Tuesday, June 30, 2009

Party Planning 101

This weekend we had Makensie’s 2nd birthday party, and it was not exactly what I had expected. I read up a little bit on it. I mean, I’m a new mom, what do I know about throwing birthday parties for toddlers? I need to be prepared.

“Add two to the age of your child, and that’s how many kids you should invite to the party.” How can I only invite four kids? One of my closest friends has four kids himself!

“Have a family dinner with a couple of cousins, but don’t invite too many people. That will likely overwhelm a two-year-old.” We have family dinner every night around here. What fun will that be?

“Don’t overspend on party supplies and decorations for childrens’ birthday parties. They won’t remember it, and you’ll break your wallet.” Let’s see, I just got laid off last week, so I don’t see how I could overspend!

Online research. Check.

I called friends with kids and asked their opinions (mind you, this is the South, and no matter what it says on the Internet about keeping toddler parties slight, Southern women do not throw meager parties). I got website addresses for party themes, advice on parties they threw for their kids, advice on where to get the perfect cake (at $100 a pop) and decorations. (My girlfriends know what they’re talking about when it comes to their kids.)

Personal research. Check.

I made the decision after much toddler-birthday-looking-into that the best way to go was with a water party at the house. Kensie adores the water, so I knew she’d love her buddies coming to her house to romp around the yard in a baby pool and the sprinkler (we had both in the garage already), and I was sure she’d be fine with a few more kids than four. So I sent out 10 invitations. (One family had four kids; one had three; a couple had two kids; and a couple only had 1—what’s a few extra kids, right?).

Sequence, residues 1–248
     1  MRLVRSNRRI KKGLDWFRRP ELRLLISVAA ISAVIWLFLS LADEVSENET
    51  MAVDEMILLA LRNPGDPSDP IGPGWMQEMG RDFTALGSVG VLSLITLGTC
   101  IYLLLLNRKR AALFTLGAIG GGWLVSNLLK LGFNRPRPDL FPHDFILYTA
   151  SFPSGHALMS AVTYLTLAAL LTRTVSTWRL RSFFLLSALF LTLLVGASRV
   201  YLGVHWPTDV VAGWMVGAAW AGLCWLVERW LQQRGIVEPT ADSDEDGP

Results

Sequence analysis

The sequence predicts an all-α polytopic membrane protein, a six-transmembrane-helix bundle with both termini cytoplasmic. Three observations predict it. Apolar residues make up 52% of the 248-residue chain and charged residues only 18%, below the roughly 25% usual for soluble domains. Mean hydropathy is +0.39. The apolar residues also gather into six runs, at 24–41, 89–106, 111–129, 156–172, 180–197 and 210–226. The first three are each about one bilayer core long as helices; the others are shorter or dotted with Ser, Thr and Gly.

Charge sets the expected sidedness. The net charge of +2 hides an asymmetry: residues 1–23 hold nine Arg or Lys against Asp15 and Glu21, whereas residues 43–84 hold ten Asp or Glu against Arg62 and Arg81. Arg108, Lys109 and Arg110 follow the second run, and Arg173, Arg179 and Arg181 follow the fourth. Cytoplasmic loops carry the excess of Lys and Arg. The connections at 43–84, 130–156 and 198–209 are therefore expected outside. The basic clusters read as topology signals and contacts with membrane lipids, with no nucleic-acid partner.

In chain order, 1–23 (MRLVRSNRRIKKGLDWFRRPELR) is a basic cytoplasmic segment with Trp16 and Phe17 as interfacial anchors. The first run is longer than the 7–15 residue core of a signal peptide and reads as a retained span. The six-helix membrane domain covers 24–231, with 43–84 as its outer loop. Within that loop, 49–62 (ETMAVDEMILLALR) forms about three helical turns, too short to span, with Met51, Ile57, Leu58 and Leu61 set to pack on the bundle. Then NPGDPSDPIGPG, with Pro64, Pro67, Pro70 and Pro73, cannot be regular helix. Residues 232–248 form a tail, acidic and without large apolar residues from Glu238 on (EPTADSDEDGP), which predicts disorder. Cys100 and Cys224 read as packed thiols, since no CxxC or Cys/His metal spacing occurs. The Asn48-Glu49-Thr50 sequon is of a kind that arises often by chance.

Party theme and invites. Check.

Next, I headed out to get the cake. I didn’t go with the expensive bakers like some friends suggested. I had one made at a local grocery store. It looked lovely, I saved a bunch of money, and Kensie’s not allowed to eat sugary foods anyway, so I was sure the local grocery-store cake would be perfect for her.

Cake. Check.

Next we headed to buy gifts. I bought Kensie a bike (not too expensive, and I’ve got one more paycheck coming, so it’s all good), and my parents bought her a sandbox. Nothing lavish. No telling how many gifts she’d get from party-goers.

Presents. Check.

As my mother and I drove through town, I spotted a sign: “Party City.” Hmmmm? We’re throwing a party; I’m sure they’ll know what kinds of supplies we need. $200 later and with a full-on beach-themed party extravaganza, this 2-year-old’s party had taken on a life of its own. We now had two cars full of decorations, accessories (tablecloths, centerpieces, leis, hats, sunglasses), tables, chairs, pools, sprinklers, Slip ‘n Slides, gift bags, even a blow-up cooler for organic juice boxes, sodas, and water.

Party supplies. Check.